State Sen. Bob Rucho is still hoping North Carolina can have its presidential preference primary just days after South Carolina, giving the state a bigger say in determining the eventual 2016 nominees.
“We’re still very interested in making sure that the people of North Carolina have a choice,” said Rucho, a Mecklenburg County Republican.
In 2013, the General Assembly’s broad election law bill included a provision that would separate North Carolina’s presidential preference primary from other statewide and local primaries traditionally held in May. The law set the presidential primary on the Tuesday following South Carolina’s presidential primary.
That would place the North Carolina primary on either Feb. 16 or Feb. 23, depending on the movement of other primary dates that are not yet solidified. However, the Republican National Committee says it will penalize states that change their primaries to occur earlier than March 1. The RNC wants to ensure that the Iowa, New Hampshire, Nevada, and South Carolina caucuses and primaries take place before those in other states.
The RNC could penalize North Carolina by slicing the states delegate total from 72 to 12 if it runs askew of the primary schedule.
On Wednesday, Rep. David Lewis, R-Harnett, filed a bill that would move the state’s presidential primary to March 8, thus averting the anticipated penalty.
But Rucho said he doesn’t think the move is necessary, since the current law would not interrupt the order of state presidential primaries and caucuses.
“We never purposefully interfered with the rotation that they had — Iowa, New Hampshire, Nevada, and South Carolina,” Rucho said. He said the RNC’s choice of March 1 as the earliest date that states outside the “first four” could hold primaries without penalty was “arbitrary.”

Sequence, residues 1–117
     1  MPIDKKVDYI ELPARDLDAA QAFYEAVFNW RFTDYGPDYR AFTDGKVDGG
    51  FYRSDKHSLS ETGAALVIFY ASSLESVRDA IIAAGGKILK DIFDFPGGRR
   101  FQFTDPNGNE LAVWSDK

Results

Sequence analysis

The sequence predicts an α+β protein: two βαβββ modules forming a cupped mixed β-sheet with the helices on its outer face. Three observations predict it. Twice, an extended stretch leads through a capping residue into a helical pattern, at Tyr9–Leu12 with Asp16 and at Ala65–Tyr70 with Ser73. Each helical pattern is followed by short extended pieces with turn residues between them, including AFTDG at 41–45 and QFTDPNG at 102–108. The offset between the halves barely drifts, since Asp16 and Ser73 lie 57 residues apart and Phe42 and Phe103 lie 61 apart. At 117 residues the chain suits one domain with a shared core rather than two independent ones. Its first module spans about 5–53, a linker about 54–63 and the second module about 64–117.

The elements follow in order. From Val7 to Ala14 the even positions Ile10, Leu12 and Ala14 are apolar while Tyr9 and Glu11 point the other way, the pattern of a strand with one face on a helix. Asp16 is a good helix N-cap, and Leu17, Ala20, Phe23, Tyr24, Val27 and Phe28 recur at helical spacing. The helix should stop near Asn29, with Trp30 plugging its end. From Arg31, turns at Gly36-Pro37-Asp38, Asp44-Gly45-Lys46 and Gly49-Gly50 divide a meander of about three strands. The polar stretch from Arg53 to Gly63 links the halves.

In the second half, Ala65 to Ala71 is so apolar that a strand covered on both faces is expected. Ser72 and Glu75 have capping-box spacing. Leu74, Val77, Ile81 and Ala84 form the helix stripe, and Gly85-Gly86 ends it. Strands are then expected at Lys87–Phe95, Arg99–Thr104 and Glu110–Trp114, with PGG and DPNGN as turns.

Rucho said he hopes he and Senate President Pro Tem Phil Berger, R-Rockingham, can the primary date with RNC members and persuade them to drop any threatened penalties.
“To disenfranchise our voters and take away the momentum would be less than beneficial,” Rucho said.
Last week, Claude Pope, chairman of the N.C. Republican Party, said he didn’t think the RNC would grant North Carolina a waiver from the rule.
“If it were a Democratic-controlled legislature that set the date that was out of compliance with a Republican rule – that’s the only time the RNC would consider an appeal of a rule,” Pope said. “They’re not going to change the rules for us.”
The separation of the presidential preference primary from other state and local primaries would add an additional cost for local elections boards. Based on the cost of the second primary in 2012, local boards estimate the cost for the separate presidential primary to be $2.9 million.
Josh Lawson, a spokesman for the State Board of Elections, also noted that the 2013 election law includes requirements that local elections boards offer the same access to early voting in the 2016 presidential primary as they did in 2012. Rucho said it was the General Assembly’s intent for local election boards to do just that.
Barry Smith (@Barry_Smith) is an associate editor of Carolina Journal.